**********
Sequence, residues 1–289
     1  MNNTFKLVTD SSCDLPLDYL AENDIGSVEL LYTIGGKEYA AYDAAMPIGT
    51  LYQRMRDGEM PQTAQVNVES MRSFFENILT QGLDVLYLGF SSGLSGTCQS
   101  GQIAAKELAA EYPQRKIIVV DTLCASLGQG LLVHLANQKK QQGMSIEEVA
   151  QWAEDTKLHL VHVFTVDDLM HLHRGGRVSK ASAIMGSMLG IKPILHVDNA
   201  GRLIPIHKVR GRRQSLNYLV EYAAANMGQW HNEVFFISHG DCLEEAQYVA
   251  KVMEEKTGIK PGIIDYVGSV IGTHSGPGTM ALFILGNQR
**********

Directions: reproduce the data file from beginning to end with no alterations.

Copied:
Sequence, residues 1–289
     1  MNNTFKLVTD SSCDLPLDYL AENDIGSVEL LYTIGGKEYA AYDAAMPIGT
    51  LYQRMRDGEM PQTAQVNVES MRSFFENILT QGLDVLYLGF SSGLSGTCQS
   101  GQIAAKELAA EYPQRKIIVV DTLCASLGQG LLVHLANQKK QQGMSIEEVA
   151  QWAEDTKLHL VHVFTVDDLM HLHRGGRVSK ASAIMGSMLG IKPILHVDNA
   201  GRLIPIHKVR GRRQSLNYLV EYAAANMGQW HNEVFFISHG DCLEEAQYVA
   251  KVMEEKTGIK PGIIDYVGSV IGTHSGPGTM ALFILGNQR